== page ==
The CT5 and CT6 do what the CTS did, but better… so this isn’t good news or bad news, it’s just a natural evolution of things.
The CT6 is a beautiful car, but with an $8500 base price increase for 2020, its become way too expensive. With regard to the CT5, I guess I’ll have to reserve judgement til I have the opportunity to drive one. From the pictures I’ve seen so far, it has seriously missed the mark…hope it drives better than it looks.
Not a surprise. The dealerships stopped taking new orders back in April.
I like what I’m seeing with these new Caddies. Hope they sell.
My first car was a 48′ Cadillac ’62’-Series convertible. Maroon, Tan top, Maroon leather upholstery and every available option. Beautiful car I wish I still had.
I’ve had my 2016 CTS for almost three years. I like many of the features, comfortable seats and instrument layout, but it is by far the worse riding and noisiest Caddy I have ever owned. Not happy with the C pillar on the new CT5, so I’m not sure what I will do as I turn mine in shortly in the next few months.
Unfortunately, choices seem to be getting limited.
So much hate of that C-pillar… but I don’t mind it. It’s not a block like the ATS or the CTS… but it looks good nonetheless.
I agree the C pillar kills the looks of the car…makes it look inexpensive. Could be a Chevy cruise, if you don’t see the front.
I still don’t get this obsession with the C-pillar on this car. Having seen it in person, spending hours around it, and being the target market for the vehicle, I personally have zero issues with it.
It seems like Cadillac is being held to this extremely high standard that results in it never being able to meet these impossible standards and/or expectations.
Looks like a Chevy Cruze? You can say literally that same thing about any of the CT5’s rivals, including BMW, Audi, Mercedes, Volvo, Acura, Genesis and Infiniti. Let’s come down to reality here. Is the C-pillar truly that offensive? I don’t think so. Heck, I don’t even think it’s offensive in the least.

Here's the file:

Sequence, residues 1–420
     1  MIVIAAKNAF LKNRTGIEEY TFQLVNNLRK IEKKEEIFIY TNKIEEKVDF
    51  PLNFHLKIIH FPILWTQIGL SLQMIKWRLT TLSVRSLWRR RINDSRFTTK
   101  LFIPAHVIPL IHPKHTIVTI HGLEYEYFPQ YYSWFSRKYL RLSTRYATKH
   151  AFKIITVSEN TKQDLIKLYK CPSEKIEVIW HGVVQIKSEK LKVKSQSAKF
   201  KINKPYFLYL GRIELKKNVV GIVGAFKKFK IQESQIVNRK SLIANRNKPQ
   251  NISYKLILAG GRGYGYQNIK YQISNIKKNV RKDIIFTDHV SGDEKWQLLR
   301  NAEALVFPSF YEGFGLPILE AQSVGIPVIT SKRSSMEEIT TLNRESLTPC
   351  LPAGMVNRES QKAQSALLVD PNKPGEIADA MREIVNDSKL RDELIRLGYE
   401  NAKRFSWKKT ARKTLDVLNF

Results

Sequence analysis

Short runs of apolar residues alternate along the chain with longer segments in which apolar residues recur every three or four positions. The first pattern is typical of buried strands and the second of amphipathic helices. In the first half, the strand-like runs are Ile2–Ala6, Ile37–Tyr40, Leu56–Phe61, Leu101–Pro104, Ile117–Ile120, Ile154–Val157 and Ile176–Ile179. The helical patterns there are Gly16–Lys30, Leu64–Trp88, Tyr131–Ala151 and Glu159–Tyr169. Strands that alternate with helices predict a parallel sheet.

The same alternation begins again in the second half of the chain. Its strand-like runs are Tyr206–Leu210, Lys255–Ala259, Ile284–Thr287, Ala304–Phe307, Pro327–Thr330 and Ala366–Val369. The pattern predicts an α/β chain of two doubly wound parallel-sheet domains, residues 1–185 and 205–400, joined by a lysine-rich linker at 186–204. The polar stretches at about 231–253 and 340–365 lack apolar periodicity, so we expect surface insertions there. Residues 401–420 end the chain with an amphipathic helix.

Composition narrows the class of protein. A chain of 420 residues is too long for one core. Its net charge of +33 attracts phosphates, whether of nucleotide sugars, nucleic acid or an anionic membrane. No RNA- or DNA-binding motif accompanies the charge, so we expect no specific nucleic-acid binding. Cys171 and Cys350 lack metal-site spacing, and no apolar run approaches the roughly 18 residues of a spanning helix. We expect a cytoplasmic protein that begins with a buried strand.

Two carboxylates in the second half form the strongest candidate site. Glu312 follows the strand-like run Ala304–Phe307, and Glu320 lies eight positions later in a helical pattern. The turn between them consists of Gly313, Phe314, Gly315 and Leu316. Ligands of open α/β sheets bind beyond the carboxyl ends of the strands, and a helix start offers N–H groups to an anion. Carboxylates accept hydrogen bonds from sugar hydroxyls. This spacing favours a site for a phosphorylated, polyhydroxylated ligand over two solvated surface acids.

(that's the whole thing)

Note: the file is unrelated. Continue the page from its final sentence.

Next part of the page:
I’m looking to replace my 2013 ATS this fall, it too is the worst riding car that I ever owned, so the ride quality must be better with the new ct5 or I’m going elsewhere.
The ATS is the worst-riding car you’ve ever owned?! That’s very surprising. Having owned my ATS for almost 4 years before turning it in, I would characterize it is the best-riding car I’ve ever owned. My previous cars include BMW, Lexus, Audi, Mercedes, Toyota, Ford and Chevrolet.
Yes, I was surprised too. The 3.6 premium is awful on uneven pavement and bumps.
The 2nd generation CTS is an absolutely beautiful car. Somehow G.M. must learn that “beauty” is a factor in how we love our cars. Ugly cars, which Cad made a lot of in the lat 90s and is starting to do the same now, will not meet their goals.
Which current Cadillac vehicles would you classify as being “ugly”? Because I can’t think of any.
They’re designing cars for the current market trends and tastes, not those of 30 years ago.
I own a 2014 coupe (my second coupe and 17th Cad)
Really love the style of the 2 dr coupe .
Not really happy with the new designs
2006 and 2012 CTS BASE SMALL ENGINE AWD
BEST LUXURY CAR AT AFFORDABLE PRICE
FOR CANADIAN WINTER
2012 7 years not a single problem !
follow the book for maintenance
Jason D Monaco
I just wish someone could provide production numbers for the 2003 with a Getrag 260….. I have one, I know its rare because nobody stocks clutch parts for it. Advance, Autozone and Oreily’s didn’t even list a clutch master cylinder. NAPA had one in all of their warehouses in the entire globe……
I have owned my CTS Premium Luxury since new in 2016. A fabulous vehicle that has given no cause for workshop visits other than service work. I have driven the CT5 as a tester via my Cadillac dealer who is eager to relieve me of the CTS. The CT5 had a 4 cylinder engine, one that was dog eared compared to the 4 cylinder Mercedes Benz my friend drives. I tried a CT5 with a V 6 but sticker shock compels me to keep the CTS in service. The CT 5 did not impress me like the CTS on first drive.